The UK data protection watchdog’s well-advertised raid of Cambridge Analytica’s offices is no closer to happening, as the High Court has adjourned the warrant application until tomorrow.
The Information Commissioner’s Office (ICO) raid is related to allegations around the controversial UK-based data analytics firm’s use of personal data in political campaigns.
After destroying the element of surprise by announcing the raid live on TV on Monday night, information commissioner Elizabeth Denham has admitted her team is having to wait even longer before going in.
In an update issued this morning, the ICO said that a High Court judge “has adjourned the ICO’s application for a warrant relating to Cambridge Analytica until Friday”.
The ICO said it would “be in court to continue to pursue the warrant to obtain access to data and information to take forward our investigation”.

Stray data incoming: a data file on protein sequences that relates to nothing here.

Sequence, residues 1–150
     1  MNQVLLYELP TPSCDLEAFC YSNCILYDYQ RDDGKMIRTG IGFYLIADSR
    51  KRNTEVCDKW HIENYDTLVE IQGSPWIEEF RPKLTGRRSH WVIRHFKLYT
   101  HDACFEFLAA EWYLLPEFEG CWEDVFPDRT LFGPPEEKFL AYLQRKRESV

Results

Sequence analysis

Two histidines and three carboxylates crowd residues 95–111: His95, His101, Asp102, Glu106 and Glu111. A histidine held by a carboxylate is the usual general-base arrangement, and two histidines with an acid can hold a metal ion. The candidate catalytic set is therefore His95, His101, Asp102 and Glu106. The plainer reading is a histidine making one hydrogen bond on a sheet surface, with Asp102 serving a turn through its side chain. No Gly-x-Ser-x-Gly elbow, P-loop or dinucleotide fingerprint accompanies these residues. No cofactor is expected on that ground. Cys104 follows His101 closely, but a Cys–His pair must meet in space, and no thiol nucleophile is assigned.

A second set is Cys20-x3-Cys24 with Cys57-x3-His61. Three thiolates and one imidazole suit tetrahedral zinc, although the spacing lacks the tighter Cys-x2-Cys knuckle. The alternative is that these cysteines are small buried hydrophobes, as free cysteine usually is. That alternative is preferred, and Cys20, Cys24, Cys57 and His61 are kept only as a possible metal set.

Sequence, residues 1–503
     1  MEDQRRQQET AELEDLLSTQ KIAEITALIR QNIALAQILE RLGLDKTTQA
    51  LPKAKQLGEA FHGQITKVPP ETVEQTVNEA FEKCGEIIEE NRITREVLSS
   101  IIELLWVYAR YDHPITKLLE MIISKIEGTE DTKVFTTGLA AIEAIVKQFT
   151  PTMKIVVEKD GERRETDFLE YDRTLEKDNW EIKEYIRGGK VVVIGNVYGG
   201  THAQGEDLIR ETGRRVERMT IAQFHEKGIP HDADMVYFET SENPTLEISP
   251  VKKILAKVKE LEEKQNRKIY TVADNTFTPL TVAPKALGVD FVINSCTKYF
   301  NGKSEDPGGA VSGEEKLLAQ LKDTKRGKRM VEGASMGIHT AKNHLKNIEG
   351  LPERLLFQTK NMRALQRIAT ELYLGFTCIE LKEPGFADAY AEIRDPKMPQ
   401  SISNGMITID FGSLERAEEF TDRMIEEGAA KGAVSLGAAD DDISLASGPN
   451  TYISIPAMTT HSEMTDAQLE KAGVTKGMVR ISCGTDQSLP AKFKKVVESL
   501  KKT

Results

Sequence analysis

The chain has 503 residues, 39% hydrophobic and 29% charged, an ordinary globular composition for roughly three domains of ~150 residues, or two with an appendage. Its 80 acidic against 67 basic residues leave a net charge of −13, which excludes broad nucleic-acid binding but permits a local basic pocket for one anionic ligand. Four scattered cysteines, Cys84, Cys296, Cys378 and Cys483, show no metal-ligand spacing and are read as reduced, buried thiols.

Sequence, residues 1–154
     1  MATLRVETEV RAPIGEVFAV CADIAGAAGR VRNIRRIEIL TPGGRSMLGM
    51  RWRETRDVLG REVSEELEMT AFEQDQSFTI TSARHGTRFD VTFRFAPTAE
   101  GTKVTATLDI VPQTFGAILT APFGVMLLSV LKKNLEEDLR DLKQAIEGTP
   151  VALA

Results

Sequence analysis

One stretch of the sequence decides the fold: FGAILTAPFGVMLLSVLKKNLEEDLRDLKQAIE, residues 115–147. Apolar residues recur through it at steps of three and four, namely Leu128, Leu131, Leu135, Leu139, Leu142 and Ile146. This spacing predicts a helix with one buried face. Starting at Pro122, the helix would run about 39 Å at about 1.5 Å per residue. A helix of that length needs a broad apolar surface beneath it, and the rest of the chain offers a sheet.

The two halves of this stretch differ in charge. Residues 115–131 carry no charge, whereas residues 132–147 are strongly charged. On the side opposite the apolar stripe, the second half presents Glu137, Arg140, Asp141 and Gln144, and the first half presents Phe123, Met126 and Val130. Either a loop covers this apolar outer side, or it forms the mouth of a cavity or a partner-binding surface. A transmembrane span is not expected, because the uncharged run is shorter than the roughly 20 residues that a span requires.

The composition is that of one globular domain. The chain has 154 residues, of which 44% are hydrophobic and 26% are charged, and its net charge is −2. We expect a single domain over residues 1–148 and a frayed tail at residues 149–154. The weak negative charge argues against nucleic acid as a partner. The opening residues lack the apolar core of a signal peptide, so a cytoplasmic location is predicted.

A spokesperson told The Reg they couldn’t offer any more details on the reasons for the delay – the demand for the warrant was issued on March 19, but the ICO first issued the biz with a demand for access to records and data on March 7.
Although processes for gaining warrants can sometimes take time, it has been pointed out that the embarrassingly public nature of the delays could have been avoided if the commish hadn’t decided to broadcast the plans on prime time TV.
It has also raised concerns about whether the ICO will be able to get all the evidence it needs. Which doesn’t act as a very good advert for the ICO’s investigative and administrative processes.
However, the rest of the European Union’s data protection agencies have said they are behind the ICO’s efforts.
In a statement, Andrea Jelinek, chair of the Article 29 Working Party – the group of EU DPAs – said she “fully supports” the ICO’s investigation and that other members of the group would be working together on the process.
“As a rule personal data cannot be used without full transparency on how it is used and with whom it is shared,” she said. “This is therefore a very serious allegation with far-reaching consequences for data protection rights of individuals and the democratic process.”